PERSPECTIVE: Web is unexplored advertising haven for tobacco giants

Like most of you, I suspect Campaign’s headline last week, ’Labour plans quick move on tobacco ad ban’, was a confirmation of what we already guessed: tobacco has it coming. And since the ban will also encompass sports sponsorship, the media options for tobacco companies will, I imagine, be few and far between. That is, of course, except for the World Wide Web. If my job was to market tobacco, I’d be exploring every possible alternative and trying everything I could think of on the Web - the quintessential youth medium.

Like most of you, I suspect Campaign’s headline last week, ’Labour

plans quick move on tobacco ad ban’, was a confirmation of what we

already guessed: tobacco has it coming. And since the ban will also

encompass sports sponsorship, the media options for tobacco companies

will, I imagine, be few and far between. That is, of course, except for

the World Wide Web. If my job was to market tobacco, I’d be exploring

every possible alternative and trying everything I could think of on the

Web - the quintessential youth medium.



Now we’ve had lots of talk about the prevalence of porn on the Web and

much debate about how to keep it away from children, but why has nobody

thought about tobacco? After all, our concerns about tobacco advertising

are linked to under-age smoking, so why would we allow tobacco

advertising through the net?



I ask this because last month saw the launch of the first US Website by

a major tobacco company, Brown and Williamson, for Lucky Strike. Lucky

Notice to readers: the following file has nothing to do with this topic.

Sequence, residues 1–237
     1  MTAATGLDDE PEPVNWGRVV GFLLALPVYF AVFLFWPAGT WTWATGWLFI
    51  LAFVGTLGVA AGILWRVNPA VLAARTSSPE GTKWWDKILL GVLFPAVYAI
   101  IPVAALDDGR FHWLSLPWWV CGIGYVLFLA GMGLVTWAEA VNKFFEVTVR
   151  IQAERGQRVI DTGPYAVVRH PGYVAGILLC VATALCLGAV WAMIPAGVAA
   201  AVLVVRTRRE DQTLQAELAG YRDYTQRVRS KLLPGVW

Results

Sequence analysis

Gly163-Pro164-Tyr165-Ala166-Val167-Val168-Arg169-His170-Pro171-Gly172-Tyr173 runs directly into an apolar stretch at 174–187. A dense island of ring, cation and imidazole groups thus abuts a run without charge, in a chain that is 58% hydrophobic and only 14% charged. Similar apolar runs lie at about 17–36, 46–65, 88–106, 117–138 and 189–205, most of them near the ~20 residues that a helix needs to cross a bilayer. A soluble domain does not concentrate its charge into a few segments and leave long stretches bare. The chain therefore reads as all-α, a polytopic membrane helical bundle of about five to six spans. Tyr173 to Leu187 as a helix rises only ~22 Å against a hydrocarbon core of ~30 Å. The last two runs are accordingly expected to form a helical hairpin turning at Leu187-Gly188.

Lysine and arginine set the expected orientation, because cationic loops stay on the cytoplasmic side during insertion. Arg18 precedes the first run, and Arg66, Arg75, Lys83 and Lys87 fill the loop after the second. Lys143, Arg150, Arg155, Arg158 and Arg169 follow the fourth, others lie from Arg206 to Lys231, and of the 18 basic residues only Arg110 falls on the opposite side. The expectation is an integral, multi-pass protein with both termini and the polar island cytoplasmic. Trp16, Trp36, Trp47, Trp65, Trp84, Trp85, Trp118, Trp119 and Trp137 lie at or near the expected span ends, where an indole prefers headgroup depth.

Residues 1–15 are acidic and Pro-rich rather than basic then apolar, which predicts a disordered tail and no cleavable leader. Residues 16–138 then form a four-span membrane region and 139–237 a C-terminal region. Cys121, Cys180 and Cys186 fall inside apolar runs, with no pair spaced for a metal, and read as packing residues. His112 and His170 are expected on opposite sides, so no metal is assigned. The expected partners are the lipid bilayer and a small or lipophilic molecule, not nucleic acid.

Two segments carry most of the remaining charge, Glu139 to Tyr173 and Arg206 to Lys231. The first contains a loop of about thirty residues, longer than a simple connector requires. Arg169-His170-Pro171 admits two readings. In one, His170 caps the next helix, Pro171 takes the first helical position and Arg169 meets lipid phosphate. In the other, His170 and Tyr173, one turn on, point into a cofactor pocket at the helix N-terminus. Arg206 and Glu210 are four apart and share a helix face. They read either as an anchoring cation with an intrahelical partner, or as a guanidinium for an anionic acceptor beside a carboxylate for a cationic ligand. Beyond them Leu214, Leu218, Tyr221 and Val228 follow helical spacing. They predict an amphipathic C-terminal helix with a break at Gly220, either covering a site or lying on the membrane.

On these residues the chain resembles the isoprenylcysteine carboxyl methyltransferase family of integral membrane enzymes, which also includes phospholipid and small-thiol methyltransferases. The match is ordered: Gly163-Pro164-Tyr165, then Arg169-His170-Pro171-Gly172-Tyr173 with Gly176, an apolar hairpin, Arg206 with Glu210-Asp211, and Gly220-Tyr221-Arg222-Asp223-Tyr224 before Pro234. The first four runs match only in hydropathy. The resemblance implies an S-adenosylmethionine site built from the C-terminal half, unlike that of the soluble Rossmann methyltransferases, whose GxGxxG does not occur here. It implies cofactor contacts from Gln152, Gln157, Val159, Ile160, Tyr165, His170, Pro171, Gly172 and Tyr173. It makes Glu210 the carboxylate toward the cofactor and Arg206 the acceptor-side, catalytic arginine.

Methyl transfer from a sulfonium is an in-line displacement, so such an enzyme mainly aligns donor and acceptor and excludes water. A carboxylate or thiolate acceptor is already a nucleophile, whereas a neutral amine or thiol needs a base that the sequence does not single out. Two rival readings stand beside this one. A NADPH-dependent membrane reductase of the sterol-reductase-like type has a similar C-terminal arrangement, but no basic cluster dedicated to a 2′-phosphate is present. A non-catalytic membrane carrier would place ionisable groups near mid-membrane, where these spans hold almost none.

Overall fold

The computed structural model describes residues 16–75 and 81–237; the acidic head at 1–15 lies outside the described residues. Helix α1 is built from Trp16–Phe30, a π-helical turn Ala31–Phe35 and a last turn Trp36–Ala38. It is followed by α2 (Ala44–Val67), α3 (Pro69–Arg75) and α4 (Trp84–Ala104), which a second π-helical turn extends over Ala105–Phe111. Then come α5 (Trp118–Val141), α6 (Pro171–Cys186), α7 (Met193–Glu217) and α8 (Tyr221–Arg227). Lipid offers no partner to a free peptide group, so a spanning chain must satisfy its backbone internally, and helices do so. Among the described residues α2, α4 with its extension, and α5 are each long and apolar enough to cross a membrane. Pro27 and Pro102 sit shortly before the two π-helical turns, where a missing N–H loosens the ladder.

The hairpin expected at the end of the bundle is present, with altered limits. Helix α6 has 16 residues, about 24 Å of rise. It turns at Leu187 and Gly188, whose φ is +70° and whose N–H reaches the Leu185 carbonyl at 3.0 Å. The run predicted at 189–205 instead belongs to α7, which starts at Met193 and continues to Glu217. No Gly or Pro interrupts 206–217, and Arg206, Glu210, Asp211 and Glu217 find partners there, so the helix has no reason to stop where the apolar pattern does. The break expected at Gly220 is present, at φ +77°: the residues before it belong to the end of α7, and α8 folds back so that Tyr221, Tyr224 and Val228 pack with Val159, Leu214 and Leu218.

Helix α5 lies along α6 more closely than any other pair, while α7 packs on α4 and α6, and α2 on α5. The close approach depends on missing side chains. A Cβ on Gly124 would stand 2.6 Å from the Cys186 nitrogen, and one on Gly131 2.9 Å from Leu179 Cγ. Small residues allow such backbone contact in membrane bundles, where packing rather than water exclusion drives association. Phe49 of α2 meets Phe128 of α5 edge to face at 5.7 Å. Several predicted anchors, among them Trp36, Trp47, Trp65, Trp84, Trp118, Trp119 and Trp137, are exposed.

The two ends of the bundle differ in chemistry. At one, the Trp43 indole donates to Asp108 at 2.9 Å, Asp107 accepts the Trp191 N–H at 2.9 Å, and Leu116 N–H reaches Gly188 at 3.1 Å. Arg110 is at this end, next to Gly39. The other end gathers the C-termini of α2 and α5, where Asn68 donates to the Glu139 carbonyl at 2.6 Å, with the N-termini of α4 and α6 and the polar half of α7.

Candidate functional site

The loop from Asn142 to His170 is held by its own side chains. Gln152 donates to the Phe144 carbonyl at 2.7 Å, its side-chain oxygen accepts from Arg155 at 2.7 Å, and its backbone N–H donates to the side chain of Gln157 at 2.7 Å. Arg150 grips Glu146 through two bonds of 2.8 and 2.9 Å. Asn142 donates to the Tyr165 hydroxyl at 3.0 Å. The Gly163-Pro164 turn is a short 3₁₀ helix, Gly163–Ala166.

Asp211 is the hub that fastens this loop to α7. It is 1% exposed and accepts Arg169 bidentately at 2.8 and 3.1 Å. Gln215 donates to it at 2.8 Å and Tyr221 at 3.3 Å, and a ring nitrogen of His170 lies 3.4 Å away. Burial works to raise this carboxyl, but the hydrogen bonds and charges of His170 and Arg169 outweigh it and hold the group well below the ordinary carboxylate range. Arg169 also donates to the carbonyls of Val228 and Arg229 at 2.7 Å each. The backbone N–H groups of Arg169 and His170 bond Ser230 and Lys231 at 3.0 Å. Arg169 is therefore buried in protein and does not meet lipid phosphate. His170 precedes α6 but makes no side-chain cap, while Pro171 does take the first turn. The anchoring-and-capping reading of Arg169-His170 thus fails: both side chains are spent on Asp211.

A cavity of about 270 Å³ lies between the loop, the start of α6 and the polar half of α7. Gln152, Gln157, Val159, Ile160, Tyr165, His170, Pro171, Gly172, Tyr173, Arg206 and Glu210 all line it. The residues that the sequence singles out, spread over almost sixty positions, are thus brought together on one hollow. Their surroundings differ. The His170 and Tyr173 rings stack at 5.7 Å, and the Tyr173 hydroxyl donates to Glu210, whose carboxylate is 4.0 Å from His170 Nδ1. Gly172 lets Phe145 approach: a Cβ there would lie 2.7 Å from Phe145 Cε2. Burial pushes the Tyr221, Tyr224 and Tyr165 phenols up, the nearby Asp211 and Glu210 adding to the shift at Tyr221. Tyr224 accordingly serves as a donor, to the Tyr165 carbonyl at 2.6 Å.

Strike’s line is that, no, the Circuit Breaker site isn’t really an ad

for tobacco but a guide to San Francisco clubs - ’an information

resource’, as those nice folks at Brown and Williamson like to

dissemble. And it’s sort of true in that

cross-your-fingers-behind-your-back way. The only clue from the site

itself is on a form that visitors have to complete in order to win a

free Circuit Breaker T-shirt, and some small print that states that

those filling in the form ’will be placed on a tobacco company’s mailing

list’.



But, wouldn’t you know it, all the clubs listed in Circuit Breaker are

those that just happen to participate in Lucky Strike promotions. What a

coincidence.



You could argue that there’s nothing morally wrong with this. You can’t

go to a club if you’re under 18, ergo Lucky Strike is not targeting

under-age smokers. But while you might just confuse a four-year-old with

that argument, the rest of us won’t fall for it. I can’t see what there

is to stop children or teenagers accessing this site. In fact, given

that it’s called Circuit Breaker and is all about clubbing, they’re much

more likely to access it than they are a more straightforward tobacco

company site or Web ad.



So there is a parallel between the use of a Website like this and a

poster: the latter is a broadcast medium open to any passing soul. Media

gurus like to make much of the one-to-one, narrowcast opportunities open

on the Web, but it is equally true that it can be a broadcast medium as

well, reaching casual passers-by just as posters do. Thus, you could

say, if tobacco is banned from posters, it should be excluded from the

Web, too.



What’s the answer? There’s self-regulation, but the more you drive

tobacco companies off mainstream media, the harder it becomes to police

their activities. Perhaps there’s something to be said for a total ban

after all.



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